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Brun Ugle’s log

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Brun Ugle
Diglot
Senior Member
Norway
brunugle.wordpress.c
Joined 4027 days ago

1292 posts - 473 votes 
Speaks: English*, NorwegianC1
Studies: Japanese, Esperanto, Spanish, Finnish

 
 Message 1 of 27
13 June 2014 at 6:34pm | IP Logged 
I'm back (I think). I guess I've been rather depressed for a while because I'd totally lost all interest in studying languages or doing anything else, but a couple months ago, I started up again with a little bit of Spanish and Japanese. At first, I just made myself do it, but then I started getting interested again. Then a few weeks ago, I suddenly got an urge to study Finnish and that's about all I've been doing for the past three weeks. It's fabulous! I love this language. So far it doesn't seem so terrible either, although I don't particularly like the idea of the spoken and written languages being so different and that learning materials for foreigners mostly concentrate on the written version and don't bother to teach the way real people talk. I had a bit of the same problem with Norwegian. I'd taught myself a good bit of Bokmål before coming here and when I got here, I thought maybe they'd sold me the wrong textbook at the store because it didn't even sound like the same language.

The materials I'm mostly using right now are:

FSI - Conversational Finnish: It's not bad, just a bit boring. It's not nearly as good as the Spanish Programmatic though and is more clearly meant for a classroom. It's still pretty good though and I think it should take me pretty far.

Supisuomea: It's entirely in Finnish, but that's not a problem. I was able to dive right in after only one unit in the FSI. Just try clicking on things until you find out what's what on the site. There are a lot of exercises and grammar explanations on the site, but some of the videos aren't that great. For some reason, they've left of the so-called soap opera at the end of the original videos and on a few of them, the sound and the video aren't lined up right, so it's very annoying. Fortunately, someone put them out on Youtube with Finnish subtitles. So I usually watch them there and sometimes I do a bit of shadowing and read the subtitles out loud as they talk. On the Supisuomea site, they have scripts written out for the main part of the show and after I've watched it once or twice, I read that. I usually put it into Google Translate and read Finnish and Norwegian side by side. Google really mangles translations of Finnish and these are even worse because there are places where they discuss grammar and say what stems and endings are being used and Google tries to translate them as words. Still, I find it useful. I couldn't possibly just read the translation and make any sense of it, so I'm forced to read the Finnish and just look over at the translation to see the meanings of words I don't know. So I'm using it sort of like a dictionary, but without having to look up each word one at a time. After going through the script, I usually watch the show again and do the exercises. I think I've learned quite a lot from this.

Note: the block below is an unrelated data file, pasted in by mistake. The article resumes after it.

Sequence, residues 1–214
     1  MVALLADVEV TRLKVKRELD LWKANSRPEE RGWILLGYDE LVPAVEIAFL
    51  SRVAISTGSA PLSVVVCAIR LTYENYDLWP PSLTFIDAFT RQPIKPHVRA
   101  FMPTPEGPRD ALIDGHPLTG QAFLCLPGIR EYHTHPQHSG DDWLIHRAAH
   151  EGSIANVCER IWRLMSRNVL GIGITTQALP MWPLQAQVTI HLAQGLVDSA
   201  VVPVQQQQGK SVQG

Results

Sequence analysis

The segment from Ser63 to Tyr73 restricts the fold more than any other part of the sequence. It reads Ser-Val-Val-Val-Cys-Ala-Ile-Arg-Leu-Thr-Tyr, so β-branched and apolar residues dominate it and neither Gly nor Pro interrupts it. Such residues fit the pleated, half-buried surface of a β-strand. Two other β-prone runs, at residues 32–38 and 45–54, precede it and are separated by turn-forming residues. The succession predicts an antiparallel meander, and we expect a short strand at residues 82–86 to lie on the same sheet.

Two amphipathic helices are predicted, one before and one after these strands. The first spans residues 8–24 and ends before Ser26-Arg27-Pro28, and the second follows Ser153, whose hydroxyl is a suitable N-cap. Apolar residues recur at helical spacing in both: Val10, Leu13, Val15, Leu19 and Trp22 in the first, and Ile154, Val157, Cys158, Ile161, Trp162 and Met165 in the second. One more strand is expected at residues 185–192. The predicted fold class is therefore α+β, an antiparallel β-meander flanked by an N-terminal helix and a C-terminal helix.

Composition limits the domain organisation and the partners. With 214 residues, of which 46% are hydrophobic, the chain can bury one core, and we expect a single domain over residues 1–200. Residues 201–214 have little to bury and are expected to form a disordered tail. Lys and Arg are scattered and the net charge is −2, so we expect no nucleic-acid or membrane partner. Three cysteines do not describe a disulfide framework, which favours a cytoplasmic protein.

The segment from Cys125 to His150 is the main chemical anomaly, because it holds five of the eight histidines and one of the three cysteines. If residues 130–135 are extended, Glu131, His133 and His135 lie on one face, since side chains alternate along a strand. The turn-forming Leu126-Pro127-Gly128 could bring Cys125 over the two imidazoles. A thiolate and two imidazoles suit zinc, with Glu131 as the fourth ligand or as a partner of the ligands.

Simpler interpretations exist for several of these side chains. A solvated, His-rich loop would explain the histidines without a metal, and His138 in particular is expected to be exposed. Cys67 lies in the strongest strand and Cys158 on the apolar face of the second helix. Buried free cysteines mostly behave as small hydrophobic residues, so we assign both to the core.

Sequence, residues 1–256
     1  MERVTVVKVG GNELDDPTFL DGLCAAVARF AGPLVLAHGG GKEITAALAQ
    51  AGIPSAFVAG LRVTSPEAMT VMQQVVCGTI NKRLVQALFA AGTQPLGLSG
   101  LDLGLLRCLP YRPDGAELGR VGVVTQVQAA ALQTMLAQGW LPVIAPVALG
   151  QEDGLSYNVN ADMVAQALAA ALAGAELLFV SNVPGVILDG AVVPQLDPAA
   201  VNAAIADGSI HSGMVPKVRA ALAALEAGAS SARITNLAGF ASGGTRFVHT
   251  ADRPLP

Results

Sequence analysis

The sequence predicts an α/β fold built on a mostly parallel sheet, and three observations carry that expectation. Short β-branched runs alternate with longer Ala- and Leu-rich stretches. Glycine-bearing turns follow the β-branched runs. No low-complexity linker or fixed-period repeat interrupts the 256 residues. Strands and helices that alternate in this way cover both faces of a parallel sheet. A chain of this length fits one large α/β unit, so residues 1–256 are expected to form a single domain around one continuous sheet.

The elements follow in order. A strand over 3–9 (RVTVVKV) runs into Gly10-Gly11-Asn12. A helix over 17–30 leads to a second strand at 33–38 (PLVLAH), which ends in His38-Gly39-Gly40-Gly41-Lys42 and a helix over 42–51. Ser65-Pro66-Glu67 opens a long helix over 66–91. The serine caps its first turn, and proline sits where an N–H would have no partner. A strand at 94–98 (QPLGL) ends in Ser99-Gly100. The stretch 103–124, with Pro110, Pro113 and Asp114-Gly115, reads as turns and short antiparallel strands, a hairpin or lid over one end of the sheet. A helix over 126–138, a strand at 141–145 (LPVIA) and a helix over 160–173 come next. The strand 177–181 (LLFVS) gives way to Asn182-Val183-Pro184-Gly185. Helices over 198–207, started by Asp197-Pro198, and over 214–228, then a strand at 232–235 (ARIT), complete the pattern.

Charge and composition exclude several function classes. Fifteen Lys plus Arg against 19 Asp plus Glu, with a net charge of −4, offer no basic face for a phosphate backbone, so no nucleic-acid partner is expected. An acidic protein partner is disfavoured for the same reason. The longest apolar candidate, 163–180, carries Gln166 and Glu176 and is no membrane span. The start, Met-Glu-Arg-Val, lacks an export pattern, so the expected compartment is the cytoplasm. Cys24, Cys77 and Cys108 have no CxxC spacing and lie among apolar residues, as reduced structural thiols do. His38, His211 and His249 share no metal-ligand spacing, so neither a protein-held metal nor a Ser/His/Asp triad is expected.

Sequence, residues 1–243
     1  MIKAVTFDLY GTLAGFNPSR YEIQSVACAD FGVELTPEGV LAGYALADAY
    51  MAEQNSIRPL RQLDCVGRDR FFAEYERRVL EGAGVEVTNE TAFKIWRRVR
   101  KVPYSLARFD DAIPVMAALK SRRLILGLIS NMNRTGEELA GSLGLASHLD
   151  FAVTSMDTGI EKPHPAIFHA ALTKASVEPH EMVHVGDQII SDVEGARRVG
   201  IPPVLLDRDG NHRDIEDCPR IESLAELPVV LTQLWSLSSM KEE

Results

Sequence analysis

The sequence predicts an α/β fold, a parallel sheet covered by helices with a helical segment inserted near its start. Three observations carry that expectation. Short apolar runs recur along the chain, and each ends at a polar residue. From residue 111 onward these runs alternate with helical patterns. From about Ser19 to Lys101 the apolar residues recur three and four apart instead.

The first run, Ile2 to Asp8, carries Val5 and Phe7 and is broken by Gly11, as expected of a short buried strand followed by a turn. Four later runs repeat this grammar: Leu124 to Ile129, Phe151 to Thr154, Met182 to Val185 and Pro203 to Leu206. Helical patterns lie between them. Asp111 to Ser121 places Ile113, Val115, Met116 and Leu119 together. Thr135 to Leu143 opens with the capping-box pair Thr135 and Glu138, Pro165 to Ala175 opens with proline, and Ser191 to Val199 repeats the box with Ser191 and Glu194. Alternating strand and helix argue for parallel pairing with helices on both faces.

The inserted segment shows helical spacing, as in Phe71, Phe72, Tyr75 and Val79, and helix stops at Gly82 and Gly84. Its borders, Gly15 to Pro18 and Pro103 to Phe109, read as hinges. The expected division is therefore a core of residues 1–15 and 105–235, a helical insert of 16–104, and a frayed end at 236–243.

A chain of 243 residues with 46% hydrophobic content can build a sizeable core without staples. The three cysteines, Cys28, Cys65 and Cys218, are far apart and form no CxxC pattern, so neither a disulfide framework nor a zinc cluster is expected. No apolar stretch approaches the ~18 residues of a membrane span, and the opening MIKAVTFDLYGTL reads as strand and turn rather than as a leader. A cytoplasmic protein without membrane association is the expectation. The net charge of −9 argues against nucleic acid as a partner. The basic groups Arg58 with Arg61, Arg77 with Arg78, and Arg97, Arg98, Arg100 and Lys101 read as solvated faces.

I have some other sites bookmarked (some I think I've already outgrown), but these are the ones I'm mostly concentrating on right now. I'll gladly take any tips though on learning materials or techniques or any other useful information anyone has on Finnish.

Usually, I'm very reserved and don't speak any language unless I already have a fairly good background in it, but this time, I've decided to try speaking right way. It just so happens I'm going to be going to a Finnish physical therapist. I saw her briefly on Thursday and I did try to speak a little Finnish to her. She got very excited and seemed very happy, but she only spoke to me in Norwegian. I think maybe she was afraid I wouldn't understand anything because I told her that I'd only been studying for 3 weeks. Anyway, I'll see her again next Thursday, so I'm going to try again. I might also try at some point to find some Skype friends to talk to now that I can Skype. The hard part is that we will most likely have at least one and maybe two other languages that we could communicate in better than in Finnish. I have a tendency to enjoy talking to people so much that we end up speaking in our best common language just so we can communicate better. And at this point, I can barely string a sentence together in Finnish.

I will, of course, also continue with Japanese and Spanish, but I'm trying to study Finnish intensely right now since I actually have occasionally access to a real live Finnish person (who is also incredibly nice), and I don't know how long I will be going to her, so I want to learn as much as I can and use it with her as much as I can while I still have the chance.

1 person has voted this message useful



stifa
Triglot
Senior Member
Norway
lang-8.com/448715
Joined 2280 days ago

629 posts - 187 votes 
Speaks: Norwegian*, EnglishC2, German
Studies: Japanese, Spanish

 
 Message 2 of 27
13 June 2014 at 7:44pm | IP Logged 
Vælkomemn tebake te HTLAL - og lykke te med finsken ;)



Serpent
Octoglot
Senior Member
Russian Federation
serpent-849.livejour
Joined 4004 days ago

9756 posts - 6179 votes 
4 sounds
Speaks: Russian*, English, FinnishC1, Latin, German, Italian, Spanish, Portuguese
Studies: Danish, Romanian, Polish, Belarusian, Ukrainian, Croatian, Catalan, Czech, Galician, Dutch, Swedish

 
 Message 3 of 27
13 June 2014 at 8:44pm | IP Logged 
Tervetuloa takaisin! :)))))
I think the diglossia problem is overrated. Finns are just more ready to speak informally with strangers, using other means to maintain the distance. And the usual "my native language is hard even for me" fallacy is also involved here. Natives go from dialect to the standard language, learners normally take the opposite path (which is easier).
And like in any language, learning to understand a specific speaker is easier than learning to understand any speaker you come across. I'd say go ahead and ask the physical therapist to reply to you in Finnish. Just explain that you've been learning kirjakieli so far. At your level simplifying her speech shouldn't take too much effort. I admit that later it might be more difficult to get i+1 input in real life :)

Good luck! And remember that you can still join TAC :)
1 person has voted this message useful



Brun Ugle
Diglot
Senior Member
Norway
brunugle.wordpress.c
Joined 4027 days ago

1292 posts - 473 votes 
Speaks: English*, NorwegianC1
Studies: Japanese, Esperanto, Spanish, Finnish

 
 Message 4 of 27
15 June 2014 at 10:58am | IP Logged 
Thank you Stifa and Serpent. It's good to be back. I'm glad to see you're both still going strong.

Serpent, I really haven't found Finnish to be that hard at all. It's kind of shocking. I feel like something must be wrong. Like maybe I studied this language once before and forgot about it, or maybe I was Finnish in an earlier life. It's probably the combination of loan words from Swedish and the fact that studying Japanese has kind of prepared me for the grammar. Anyway, I'm a bit shocked over how far I've come in such a short time. Still, I've only been studying for less than a month, so maybe the hard stuff comes later.